New Left Educ. Proj. v. Board of Regents of Univ. of Tex. Syst., 326 F. Supp.
158 (W.D. Tex. 1970), rev’d on other grounds, 404 U.S. 541 (1972) (university).
Katz v. McAulay, 438 F.2d 1058 (2d Cir. 1971), cert. denied, 405 U.S. 933
(1972), may be cited as support for the opposing view. It is perhaps distinguishable
on the ground that it dealt not with a ban on the sale of underground newspapers,
but rather with a general prohibition against solicitation of contributions
on school grounds. See Peterson v. Board of Educ., 370 F. Supp. 1208 (D. Neb.
1973) (distinguishing Katz on this ground). Assuming it is relevant authority
here, it is entitled to little weight if Tinker is intended to be followed, not merely
The authorities in Katz barred students from distributing leaflets asking for
funds for the legal defense of the “Chicago Eight,” then on trial before Judge
Julius Hoffman. The court denied injunctive relief. Citing no evidence, it found
a rational basis for suppression by opining that solicitation was “plainly harmful,”
and student coercion was “foreseeable.” Katz v. McAulay, 438 F.2d at 1061.
Assuming arguendo that the solicitation was “speech,” the court acknowledged
the ban was permissible only if school authorities could reasonably forecast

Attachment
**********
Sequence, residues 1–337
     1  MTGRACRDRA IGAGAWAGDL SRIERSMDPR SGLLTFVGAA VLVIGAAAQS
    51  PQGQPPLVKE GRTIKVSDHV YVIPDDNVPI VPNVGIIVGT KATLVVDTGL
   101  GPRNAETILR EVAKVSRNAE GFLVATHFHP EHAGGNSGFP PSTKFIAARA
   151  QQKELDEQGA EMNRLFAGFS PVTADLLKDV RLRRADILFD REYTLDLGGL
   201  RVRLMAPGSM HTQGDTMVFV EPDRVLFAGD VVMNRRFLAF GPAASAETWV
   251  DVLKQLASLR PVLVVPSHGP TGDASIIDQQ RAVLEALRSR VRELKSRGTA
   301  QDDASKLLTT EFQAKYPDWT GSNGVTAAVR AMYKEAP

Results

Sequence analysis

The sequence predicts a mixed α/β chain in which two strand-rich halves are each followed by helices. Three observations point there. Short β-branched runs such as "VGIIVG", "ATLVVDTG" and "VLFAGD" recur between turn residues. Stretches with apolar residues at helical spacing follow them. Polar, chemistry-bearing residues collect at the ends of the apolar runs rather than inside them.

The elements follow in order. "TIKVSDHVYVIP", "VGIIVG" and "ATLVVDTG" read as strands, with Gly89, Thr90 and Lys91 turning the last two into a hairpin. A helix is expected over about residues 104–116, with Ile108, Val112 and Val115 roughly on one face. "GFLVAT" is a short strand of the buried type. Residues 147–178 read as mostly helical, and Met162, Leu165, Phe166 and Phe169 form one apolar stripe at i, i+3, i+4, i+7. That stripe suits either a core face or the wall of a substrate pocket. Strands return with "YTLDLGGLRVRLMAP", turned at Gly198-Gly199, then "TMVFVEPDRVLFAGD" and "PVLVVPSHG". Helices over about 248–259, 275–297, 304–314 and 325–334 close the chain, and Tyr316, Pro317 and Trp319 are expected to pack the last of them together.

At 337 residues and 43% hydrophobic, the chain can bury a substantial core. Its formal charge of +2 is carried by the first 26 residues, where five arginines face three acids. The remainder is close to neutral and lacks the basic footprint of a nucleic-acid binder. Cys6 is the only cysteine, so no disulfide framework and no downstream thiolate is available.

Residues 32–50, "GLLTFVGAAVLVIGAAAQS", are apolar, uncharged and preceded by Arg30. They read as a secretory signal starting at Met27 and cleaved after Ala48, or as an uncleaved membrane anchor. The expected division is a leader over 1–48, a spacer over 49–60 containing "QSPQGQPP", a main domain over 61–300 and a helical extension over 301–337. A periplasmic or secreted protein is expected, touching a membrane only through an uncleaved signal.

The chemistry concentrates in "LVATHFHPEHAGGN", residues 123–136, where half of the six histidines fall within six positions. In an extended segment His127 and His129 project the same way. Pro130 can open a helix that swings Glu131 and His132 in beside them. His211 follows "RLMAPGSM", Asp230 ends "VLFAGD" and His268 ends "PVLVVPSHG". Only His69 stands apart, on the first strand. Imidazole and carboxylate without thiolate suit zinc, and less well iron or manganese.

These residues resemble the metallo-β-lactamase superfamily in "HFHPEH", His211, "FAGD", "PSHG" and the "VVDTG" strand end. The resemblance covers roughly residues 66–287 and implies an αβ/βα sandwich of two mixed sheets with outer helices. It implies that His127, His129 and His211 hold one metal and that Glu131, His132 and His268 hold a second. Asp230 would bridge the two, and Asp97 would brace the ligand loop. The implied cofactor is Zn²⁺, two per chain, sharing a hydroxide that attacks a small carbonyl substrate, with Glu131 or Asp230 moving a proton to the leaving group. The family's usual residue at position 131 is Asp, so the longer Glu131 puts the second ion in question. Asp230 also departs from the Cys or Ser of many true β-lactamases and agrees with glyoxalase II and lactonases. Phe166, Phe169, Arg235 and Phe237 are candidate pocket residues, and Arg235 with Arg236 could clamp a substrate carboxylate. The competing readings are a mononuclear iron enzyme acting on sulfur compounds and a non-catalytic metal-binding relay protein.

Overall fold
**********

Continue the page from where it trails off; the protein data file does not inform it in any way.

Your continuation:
“material and substantial” interference with school discipline. But no such showing
had been made. The evidence, the court said, “disclosed minimal potential
interference at most,” id., with school discipline. Why then the denial of relief?
The court offered only an unadorned comment in a footnote that the rights of
high school students do not match those of college students. Id. at n.5.
It is no easy task to square this reasoning with Tinker. The factual underpinnings
required to justify speech suppression were, by the court’s own observation,
conspicuously absent. And if there was something about the high school
context which required this result, one has only the court’s ipse dixit to vouch
— 22 UCLA L. Rev. 211 1974-1975
UCLA LAW REVIEW [Vol. 22: 141
legislature simultaneously with its enactment of section 10611.273
The legislature’s failure to reincorporate a bar against sale in section
10611 evidences an intent to the contrary. Other recent legislation,
in fact, explicity indicates such opposite intent.274
In many, probably most, schools the right to distribute inde-
273 Law of Oct. 8, 1971, ch. 947, §§ 1-2,  Cal. Stats. 1971. See text
accompanying notes 58-59 supra.
274 Education Code section 9021 bars solicitation of students by teachers
“or others” to “subscribe or contribute to the funds of, to become members
of, or to work for, any organization not directly under the control
of the school authorities” (with the exception of certain charities). By its very
terms, the statute may be inapplicable to newspaper sales, since in normal
usage the purchase of a paper constitutes neither “subscribing” nor “contributing”
to the funds of an organization. The statute seems centrally concerned with regulation